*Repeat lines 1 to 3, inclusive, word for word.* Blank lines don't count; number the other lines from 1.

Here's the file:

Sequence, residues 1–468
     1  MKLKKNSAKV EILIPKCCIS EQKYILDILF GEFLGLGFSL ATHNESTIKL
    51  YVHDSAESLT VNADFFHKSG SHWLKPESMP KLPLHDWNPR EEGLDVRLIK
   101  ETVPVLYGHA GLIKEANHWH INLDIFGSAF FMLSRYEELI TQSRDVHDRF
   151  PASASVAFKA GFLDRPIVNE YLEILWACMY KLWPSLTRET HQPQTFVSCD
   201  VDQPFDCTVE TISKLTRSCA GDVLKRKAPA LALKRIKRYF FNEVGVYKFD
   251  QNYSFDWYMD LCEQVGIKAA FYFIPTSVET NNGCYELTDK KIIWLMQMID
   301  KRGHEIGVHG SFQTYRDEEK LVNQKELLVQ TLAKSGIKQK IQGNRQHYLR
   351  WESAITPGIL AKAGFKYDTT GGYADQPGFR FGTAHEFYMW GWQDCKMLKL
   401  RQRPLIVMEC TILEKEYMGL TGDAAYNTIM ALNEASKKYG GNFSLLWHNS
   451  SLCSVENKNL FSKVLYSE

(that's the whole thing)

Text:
Sequence, residues 1–468
     1  MKLKKNSAKV EILIPKCCIS EQKYILDILF GEFLGLGFSL ATHNESTIKL
    51  YVHDSAESLT VNADFFHKSG SHWLKPESMP KLPLHDWNPR EEGLDVRLIK